Innovation and Reinventing Public Housing

Innosite, a Danish construction industry open innovation platform, recently launched a challenge to help reinvent traditional public housing outside of major towns in Denmark. Apparently, fueled by scarcity of jobs, commuting distance, and rock bottom housing prices, fewer are choosing to live in such areas.

While many of the proposed solutions seemed based on architecture or design, I submitted a concept that focused on the people instead of the housing stock. It unexpectedly won third prize.

In trying to approach the problem, I thought about the common traits among those living in public housing communities around the globe. The one obvious unifying thread is economic difficulty.  In thriving communities, there are other common threads. People who love boating live near the beach together and rally around that passion. Those who love plants live along well manicured streets. Those who prefer urban hustle and bustle live in highrises in the center of the action.

The unspoken truth about more traditional housing searches is that residents choose where to live based in part on the traits of other residents. When people live among like-minded neighbors, they accept a set of community standards and rules that will come to define their community identity. They act as gatekeepers for the destiny of their own neighborhood and generally, these standards will determine whether or not communities flourish. As an added bonus, this kind of common bond makes initiating social interaction far easier.

Borrowing an idea that’s been in play at my alma mater, Oberlin College, for decades, I suggested deploying a concept of Themed Communities across public housing.

My Submission:

Allow groups of people to request a cluster of flats, buildings or households to create a community around a specific interest, discipline, trade, social interest or nationality. Some potential examples of people who might want to live and socialize with others of similar background include expats or migrants; artists, craftsmen, or musicians; widows or single parent households, or even those pursuing training or interested in a specific trade.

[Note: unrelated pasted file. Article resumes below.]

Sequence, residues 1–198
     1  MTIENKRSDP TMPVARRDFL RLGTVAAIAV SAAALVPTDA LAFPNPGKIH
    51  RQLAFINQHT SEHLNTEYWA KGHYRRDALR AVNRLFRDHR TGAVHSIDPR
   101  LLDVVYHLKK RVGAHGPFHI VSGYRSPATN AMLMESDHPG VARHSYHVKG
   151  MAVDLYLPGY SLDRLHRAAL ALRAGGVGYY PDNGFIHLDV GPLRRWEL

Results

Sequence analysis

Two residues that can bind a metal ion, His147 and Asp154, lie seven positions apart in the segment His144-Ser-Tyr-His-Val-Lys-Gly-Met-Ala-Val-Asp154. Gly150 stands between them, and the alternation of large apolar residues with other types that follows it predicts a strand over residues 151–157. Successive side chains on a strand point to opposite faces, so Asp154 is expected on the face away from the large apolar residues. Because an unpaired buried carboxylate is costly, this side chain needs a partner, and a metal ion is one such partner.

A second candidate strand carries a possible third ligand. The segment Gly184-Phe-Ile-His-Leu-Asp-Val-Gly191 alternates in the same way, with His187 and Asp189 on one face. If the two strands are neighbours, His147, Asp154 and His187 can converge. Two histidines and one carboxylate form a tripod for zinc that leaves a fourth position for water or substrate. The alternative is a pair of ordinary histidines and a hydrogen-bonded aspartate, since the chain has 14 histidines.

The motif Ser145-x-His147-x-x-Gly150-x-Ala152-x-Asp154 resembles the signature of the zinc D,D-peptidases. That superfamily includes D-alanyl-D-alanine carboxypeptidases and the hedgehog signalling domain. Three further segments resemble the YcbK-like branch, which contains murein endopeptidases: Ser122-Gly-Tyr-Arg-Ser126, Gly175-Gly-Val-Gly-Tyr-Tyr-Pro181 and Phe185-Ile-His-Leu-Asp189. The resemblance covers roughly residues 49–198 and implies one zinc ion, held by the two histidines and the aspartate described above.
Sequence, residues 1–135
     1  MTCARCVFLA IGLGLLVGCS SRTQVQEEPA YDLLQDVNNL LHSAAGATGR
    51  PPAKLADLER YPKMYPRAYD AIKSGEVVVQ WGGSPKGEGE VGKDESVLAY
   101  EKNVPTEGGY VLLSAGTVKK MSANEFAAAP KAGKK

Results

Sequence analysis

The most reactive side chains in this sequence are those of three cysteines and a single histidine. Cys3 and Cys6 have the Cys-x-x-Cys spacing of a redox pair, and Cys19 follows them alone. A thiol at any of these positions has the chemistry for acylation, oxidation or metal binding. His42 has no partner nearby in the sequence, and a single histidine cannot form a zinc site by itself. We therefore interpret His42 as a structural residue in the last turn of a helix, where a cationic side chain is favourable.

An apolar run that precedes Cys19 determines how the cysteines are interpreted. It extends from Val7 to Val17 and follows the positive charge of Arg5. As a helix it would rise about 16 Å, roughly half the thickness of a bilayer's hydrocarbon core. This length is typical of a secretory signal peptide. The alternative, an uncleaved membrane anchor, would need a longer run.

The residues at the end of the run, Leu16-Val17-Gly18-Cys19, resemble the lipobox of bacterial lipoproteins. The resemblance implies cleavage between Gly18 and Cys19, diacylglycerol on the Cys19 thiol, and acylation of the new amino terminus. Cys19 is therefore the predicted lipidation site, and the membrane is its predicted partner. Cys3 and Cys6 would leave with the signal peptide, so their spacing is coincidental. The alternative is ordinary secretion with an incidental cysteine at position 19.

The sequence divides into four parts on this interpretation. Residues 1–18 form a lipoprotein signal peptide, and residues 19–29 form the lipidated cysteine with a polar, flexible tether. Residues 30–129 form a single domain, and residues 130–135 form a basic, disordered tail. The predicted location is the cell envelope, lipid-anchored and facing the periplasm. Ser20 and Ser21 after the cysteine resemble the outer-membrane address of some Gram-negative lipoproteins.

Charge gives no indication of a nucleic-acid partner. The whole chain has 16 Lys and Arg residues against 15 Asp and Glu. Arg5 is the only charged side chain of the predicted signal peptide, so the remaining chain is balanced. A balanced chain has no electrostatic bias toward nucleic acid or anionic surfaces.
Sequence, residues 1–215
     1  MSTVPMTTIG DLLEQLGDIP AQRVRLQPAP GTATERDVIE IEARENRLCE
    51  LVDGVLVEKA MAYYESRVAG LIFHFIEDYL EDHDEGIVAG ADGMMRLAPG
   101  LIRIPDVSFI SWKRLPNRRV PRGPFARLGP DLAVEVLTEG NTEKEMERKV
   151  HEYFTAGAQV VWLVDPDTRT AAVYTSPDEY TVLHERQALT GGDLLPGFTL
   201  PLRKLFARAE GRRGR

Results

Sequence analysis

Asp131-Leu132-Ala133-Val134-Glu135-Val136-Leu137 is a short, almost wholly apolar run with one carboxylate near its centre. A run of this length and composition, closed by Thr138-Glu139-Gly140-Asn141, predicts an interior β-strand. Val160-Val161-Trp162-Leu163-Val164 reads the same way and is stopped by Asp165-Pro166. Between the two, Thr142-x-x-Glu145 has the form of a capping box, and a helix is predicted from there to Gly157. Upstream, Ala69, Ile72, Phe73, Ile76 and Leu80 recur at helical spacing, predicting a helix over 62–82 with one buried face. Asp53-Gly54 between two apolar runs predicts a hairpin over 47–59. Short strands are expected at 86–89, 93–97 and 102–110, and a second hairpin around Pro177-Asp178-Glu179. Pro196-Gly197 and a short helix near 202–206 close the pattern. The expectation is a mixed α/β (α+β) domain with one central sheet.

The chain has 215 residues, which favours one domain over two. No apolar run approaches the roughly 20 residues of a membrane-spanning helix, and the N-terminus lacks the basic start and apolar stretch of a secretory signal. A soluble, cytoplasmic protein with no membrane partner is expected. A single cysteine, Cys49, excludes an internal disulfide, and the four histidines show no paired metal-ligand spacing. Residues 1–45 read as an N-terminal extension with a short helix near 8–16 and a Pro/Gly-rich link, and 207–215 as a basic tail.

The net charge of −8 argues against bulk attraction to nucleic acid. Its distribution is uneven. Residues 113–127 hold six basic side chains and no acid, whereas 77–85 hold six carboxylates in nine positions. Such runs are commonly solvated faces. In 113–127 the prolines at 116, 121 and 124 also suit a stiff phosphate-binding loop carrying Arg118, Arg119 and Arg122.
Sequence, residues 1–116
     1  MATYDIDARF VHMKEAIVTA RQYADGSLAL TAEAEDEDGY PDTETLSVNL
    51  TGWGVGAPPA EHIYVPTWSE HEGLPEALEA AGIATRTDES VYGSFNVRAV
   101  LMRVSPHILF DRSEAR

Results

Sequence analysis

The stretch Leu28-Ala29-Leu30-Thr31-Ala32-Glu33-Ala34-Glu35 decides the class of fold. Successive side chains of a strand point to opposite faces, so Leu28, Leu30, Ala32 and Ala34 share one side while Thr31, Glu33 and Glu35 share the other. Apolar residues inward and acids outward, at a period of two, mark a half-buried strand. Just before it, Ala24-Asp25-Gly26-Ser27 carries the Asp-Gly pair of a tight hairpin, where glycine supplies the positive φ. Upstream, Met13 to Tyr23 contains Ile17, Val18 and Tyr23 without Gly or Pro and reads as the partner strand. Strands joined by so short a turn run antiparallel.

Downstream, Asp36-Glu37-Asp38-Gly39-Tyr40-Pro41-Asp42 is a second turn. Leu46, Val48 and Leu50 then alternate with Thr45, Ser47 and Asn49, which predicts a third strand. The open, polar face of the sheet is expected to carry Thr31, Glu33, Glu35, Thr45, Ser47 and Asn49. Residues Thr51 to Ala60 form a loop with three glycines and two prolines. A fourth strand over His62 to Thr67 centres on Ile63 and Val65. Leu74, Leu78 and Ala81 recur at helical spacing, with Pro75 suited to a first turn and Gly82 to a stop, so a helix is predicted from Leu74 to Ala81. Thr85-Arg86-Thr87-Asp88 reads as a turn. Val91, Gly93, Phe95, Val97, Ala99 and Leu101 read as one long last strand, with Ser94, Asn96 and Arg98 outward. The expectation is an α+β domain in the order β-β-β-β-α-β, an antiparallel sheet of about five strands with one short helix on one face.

This helps foster a sense of community since residents will already share a common bond. Residents can support each other and learn from/work with each other as they all rally around their common interest.

The idea is not that a specific list of available communities is created and then opened up for application. Instead, a process should be created to allow potential residents to apply for creation of a community that they think has a need and enough interest to be viable.

In such an application, residents could discuss potential goals, activities, events, programs or needs such a community might have. They could specify which area among available public housing would be ideal for such a community and why. They could also estimate how many occupants they anticipate, listing any that are already committed to moving into such a community should it be approved. And most importantly, they could direct what modifications, upgrades or amenities their community might need. This would be a more effective use of resources than a broader, generic “modernizing or updating” of existing units.

A requirement could also be that this Themed Community to provide programs or events the larger surrounding community. This would guarantee interaction among these different Themed Communities so that none become an island in the middle of a sea of other public housing occupants. A process like this would likely fill units more quickly for two reasons: 1) whatever group has applied for the Themed Community will likely be very motivated to recruit potential residents for it; and 2) among individual potential residents, a sense of urgency to move into the community before it is full or no more units are available will prompt quicker occupancy.

Even people from neighboring towns or cities could be engaged with specific Themed Communities that are interesting to them, lessening the negative stigma of living in public housing.

Another advantage to having public housing centered around a specific, similar group of people is that it becomes easier for social programs that would be beneficial to those residents to address them directly.

More information on the contest, Innosite, and the other winners can be found here.